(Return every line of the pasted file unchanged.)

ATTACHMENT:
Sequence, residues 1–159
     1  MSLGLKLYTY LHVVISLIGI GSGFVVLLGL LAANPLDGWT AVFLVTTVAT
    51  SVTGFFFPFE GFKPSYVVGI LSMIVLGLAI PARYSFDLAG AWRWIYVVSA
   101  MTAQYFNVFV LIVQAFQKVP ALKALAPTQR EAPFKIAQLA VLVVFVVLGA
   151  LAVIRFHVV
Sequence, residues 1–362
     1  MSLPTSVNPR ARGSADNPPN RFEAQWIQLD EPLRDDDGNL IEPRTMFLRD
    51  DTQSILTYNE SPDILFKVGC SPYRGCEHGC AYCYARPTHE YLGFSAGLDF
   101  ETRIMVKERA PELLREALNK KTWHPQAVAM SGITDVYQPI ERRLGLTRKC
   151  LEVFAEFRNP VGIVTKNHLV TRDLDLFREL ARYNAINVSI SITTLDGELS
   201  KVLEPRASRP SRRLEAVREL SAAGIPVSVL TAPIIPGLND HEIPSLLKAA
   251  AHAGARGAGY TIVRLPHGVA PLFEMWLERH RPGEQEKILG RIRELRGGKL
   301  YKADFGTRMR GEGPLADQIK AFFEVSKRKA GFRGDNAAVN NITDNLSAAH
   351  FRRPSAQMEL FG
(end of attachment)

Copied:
Sequence, residues 1–159
     1  MSLGLKLYTY LHVVISLIGI GSGFVVLLGL LAANPLDGWT AVFLVTTVAT
    51  SVTGFFFPFE GFKPSYVVGI LSMIVLGLAI PARYSFDLAG AWRWIYVVSA
   101  MTAQYFNVFV LIVQAFQKVP ALKALAPTQR EAPFKIAQLA VLVVFVVLGA
   151  LAVIRFHVV
Sequence, residues 1–362
     1  MSLPTSVNPR ARGSADNPPN RFEAQWIQLD EPLRDDDGNL IEPRTMFLRD
    51  DTQSILTYNE SPDILFKVGC SPYRGCEHGC AYCYARPTHE YLGFSAGLDF
   101  ETRIMVKERA PELLREALNK KTWHPQAVAM SGITDVYQPI ERRLGLTRKC
   151  LEVFAEFRNP VGIVTKNHLV TRDLDLFREL ARYNAINVSI SITTLDGELS
   201  KVLEPRASRP SRRLEAVREL SAAGIPVSVL TAPIIPGLND HEIPSLLKAA
   251  AHAGARGAGY TIVRLPHGVA PLFEMWLERH RPGEQEKILG RIRELRGGKL
   301  YKADFGTRMR GEGPLADQIK AFFEVSKRKA GFRGDNAAVN NITDNLSAAH
   351  FRRPSAQMEL FG